But the question is: what can quotas do? Norway introduced quotas in 2003, requiring companies to list females as at least 40 per cent of their board members. The law has reportedly been a success, as reported by Norwegian officials, and has worked to show the nation and corporations that women are, indeed, ambitious, competent and great leaders. Women are no longer nearly as overlooked for executive positions in Norway today and are being headhunted by companies who recognise the untapped pool of potential. Looking at the Norwegian example, therefore, quotas seem to offer not only a short term drastic change in the numbers of women in executive positions, but also a beginning of a wider, cultural change.

The question still remains of what effect quotas actually have. The Norwegian experience is encouraging, but far from tested and longstanding. Besides, the Nordic countries have long stood out as among the most gender equal countries around the world, and it remains to see if this positive result can be implemented in countries with different cultures, customs, policies, politics and gender expectations. However, an even more important question hovers over this entire debate: if not quotas, then what?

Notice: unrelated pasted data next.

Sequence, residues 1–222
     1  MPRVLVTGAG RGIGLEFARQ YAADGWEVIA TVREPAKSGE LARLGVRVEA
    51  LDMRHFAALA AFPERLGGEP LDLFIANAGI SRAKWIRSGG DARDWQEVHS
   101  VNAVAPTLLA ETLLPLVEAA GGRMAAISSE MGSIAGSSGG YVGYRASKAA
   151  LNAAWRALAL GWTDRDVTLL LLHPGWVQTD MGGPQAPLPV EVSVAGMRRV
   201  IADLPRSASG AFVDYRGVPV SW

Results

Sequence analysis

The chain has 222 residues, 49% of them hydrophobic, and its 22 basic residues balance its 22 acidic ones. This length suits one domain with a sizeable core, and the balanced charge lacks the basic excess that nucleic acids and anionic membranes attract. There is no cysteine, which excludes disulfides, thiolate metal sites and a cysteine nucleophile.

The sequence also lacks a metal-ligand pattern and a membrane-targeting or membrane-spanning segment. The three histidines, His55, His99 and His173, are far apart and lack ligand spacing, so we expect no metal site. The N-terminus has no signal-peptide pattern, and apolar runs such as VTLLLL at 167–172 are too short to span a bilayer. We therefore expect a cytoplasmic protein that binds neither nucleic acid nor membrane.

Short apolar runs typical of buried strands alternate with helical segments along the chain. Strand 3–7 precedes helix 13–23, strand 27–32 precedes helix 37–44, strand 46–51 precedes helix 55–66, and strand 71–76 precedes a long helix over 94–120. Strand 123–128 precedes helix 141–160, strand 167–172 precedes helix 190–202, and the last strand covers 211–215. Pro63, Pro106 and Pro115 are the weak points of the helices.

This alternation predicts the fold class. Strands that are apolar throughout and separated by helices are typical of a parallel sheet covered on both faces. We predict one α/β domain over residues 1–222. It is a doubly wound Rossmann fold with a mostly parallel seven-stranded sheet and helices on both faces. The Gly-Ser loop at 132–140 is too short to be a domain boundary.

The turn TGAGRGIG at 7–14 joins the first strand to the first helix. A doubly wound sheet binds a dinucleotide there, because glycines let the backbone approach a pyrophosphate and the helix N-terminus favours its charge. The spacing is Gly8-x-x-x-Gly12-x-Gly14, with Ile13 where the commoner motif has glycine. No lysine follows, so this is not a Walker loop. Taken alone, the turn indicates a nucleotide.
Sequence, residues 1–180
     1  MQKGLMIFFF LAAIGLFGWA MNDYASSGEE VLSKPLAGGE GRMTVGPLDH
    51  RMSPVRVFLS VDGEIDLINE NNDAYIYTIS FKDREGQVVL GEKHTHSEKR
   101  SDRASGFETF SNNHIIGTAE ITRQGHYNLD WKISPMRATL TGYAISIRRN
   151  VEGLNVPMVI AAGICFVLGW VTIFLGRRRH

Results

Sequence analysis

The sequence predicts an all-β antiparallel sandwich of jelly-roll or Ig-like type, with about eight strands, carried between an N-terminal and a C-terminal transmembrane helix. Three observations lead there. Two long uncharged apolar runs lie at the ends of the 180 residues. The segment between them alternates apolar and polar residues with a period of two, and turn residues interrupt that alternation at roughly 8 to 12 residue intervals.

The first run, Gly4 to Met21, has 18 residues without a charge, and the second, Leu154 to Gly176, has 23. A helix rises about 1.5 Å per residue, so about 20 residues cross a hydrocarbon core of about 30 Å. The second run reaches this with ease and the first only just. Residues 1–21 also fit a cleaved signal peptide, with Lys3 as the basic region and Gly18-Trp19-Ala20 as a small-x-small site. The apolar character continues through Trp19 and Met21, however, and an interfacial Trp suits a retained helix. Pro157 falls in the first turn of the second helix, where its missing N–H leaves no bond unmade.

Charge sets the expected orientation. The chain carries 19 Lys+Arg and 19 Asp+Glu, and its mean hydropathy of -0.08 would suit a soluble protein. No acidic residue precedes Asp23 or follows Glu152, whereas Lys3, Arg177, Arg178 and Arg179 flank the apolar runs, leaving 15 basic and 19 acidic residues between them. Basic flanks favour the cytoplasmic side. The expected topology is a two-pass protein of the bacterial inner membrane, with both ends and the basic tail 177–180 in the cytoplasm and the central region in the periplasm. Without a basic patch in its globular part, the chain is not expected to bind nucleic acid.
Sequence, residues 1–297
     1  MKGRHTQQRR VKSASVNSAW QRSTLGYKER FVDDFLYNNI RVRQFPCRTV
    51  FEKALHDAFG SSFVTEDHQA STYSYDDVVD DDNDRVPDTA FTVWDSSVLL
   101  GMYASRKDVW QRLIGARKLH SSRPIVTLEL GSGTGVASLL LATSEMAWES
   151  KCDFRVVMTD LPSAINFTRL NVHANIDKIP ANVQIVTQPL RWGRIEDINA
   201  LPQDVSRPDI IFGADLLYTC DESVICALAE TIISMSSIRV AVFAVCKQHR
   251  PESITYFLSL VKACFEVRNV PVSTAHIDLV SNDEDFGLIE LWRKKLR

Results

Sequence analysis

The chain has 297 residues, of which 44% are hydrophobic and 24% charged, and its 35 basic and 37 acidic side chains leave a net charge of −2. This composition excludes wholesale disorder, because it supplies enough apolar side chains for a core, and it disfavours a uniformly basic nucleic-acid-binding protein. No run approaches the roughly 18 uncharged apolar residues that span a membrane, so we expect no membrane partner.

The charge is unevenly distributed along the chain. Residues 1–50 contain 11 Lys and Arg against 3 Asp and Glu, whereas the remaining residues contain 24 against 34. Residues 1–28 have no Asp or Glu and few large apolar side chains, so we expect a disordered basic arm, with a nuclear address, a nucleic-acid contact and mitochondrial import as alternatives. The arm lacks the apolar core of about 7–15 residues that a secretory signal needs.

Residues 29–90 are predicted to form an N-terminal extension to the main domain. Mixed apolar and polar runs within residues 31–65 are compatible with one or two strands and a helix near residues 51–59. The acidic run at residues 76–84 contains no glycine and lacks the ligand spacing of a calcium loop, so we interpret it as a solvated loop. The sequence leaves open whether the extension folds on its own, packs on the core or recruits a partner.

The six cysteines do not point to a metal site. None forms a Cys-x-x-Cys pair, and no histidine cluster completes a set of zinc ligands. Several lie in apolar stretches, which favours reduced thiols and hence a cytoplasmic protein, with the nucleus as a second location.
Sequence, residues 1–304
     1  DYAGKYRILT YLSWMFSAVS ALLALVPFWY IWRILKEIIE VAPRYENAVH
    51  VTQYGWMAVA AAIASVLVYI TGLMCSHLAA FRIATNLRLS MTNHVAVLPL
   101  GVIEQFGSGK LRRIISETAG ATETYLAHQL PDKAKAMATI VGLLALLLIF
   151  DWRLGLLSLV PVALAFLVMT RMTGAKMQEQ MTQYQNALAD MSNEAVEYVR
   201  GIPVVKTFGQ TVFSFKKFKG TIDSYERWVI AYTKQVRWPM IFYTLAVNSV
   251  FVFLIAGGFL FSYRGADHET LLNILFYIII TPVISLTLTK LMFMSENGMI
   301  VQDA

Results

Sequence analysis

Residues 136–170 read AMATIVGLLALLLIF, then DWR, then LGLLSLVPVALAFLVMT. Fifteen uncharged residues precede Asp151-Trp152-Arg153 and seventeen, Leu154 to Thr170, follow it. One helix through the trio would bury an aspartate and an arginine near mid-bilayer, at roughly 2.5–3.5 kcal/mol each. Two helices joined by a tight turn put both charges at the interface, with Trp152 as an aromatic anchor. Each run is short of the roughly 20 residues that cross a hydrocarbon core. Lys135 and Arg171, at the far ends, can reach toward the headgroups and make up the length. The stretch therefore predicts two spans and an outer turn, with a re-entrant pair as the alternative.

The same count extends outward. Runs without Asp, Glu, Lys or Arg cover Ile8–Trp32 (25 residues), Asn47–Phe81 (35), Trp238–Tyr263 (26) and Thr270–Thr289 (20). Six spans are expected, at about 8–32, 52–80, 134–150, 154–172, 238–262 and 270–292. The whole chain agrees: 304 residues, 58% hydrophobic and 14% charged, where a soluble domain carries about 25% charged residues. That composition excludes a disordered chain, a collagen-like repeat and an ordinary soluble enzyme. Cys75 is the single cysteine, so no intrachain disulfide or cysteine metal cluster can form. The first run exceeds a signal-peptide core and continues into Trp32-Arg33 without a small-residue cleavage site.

To follow the debate further and hear from Members of European Parliament Mary Honeyball (Labour) and Anthea McIntyre (Conservative) as well as Mission of Norway to the European Union (featured in the video above) Petter Sørlien, register yourself for the event at the European Parliament in UK on October 19th. Alternatively, if you cannot be there in person, follow the hashtag #EUquotas on twitter on that same day.

[1] For a comprehensive set of statistics regarding work-life balance, gender gaps and care commitments, see OECD’s family data base.

Linnea Sandström Lange was an MSc student in Gender, Policy and Inequalities at the gender institute in 2011-12 and wrote a dissertation called ‘Is the Institution of Marriage Necessary for Good Citizenship: a study into US Civic Virtue’. She graduated in June 2011 with an MA in Social Sciences (Politics) from the University of Glasgow. She has kept a blog called Feminism and Tea for the past few years and can often be found discussing gender on various social networks when not feeding her news addiction.